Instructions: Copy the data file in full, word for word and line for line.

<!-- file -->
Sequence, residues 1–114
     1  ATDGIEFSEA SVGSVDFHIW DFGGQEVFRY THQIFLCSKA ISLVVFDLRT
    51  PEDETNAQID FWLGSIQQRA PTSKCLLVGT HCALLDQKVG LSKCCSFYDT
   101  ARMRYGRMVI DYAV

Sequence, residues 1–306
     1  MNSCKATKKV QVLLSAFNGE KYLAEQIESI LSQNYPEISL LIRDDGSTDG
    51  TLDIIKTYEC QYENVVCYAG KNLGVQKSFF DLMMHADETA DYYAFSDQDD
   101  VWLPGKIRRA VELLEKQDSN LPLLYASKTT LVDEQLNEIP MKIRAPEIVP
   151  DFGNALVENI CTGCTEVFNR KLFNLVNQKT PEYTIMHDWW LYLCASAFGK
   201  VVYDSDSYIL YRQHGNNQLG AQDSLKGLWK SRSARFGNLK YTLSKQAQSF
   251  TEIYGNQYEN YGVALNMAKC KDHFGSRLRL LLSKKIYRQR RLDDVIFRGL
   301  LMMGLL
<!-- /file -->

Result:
Sequence, residues 1–114
     1  ATDGIEFSEA SVGSVDFHIW DFGGQEVFRY THQIFLCSKA ISLVVFDLRT
    51  PEDETNAQID FWLGSIQQRA PTSKCLLVGT HCALLDQKVG LSKCCSFYDT
   101  ARMRYGRMVI DYAV

Sequence, residues 1–306
     1  MNSCKATKKV QVLLSAFNGE KYLAEQIESI LSQNYPEISL LIRDDGSTDG
    51  TLDIIKTYEC QYENVVCYAG KNLGVQKSFF DLMMHADETA DYYAFSDQDD
   101  VWLPGKIRRA VELLEKQDSN LPLLYASKTT LVDEQLNEIP MKIRAPEIVP
   151  DFGNALVENI CTGCTEVFNR KLFNLVNQKT PEYTIMHDWW LYLCASAFGK
   201  VVYDSDSYIL YRQHGNNQLG AQDSLKGLWK SRSARFGNLK YTLSKQAQSF
   251  TEIYGNQYEN YGVALNMAKC KDHFGSRLRL LLSKKIYRQR RLDDVIFRGL
   301  LMMGLL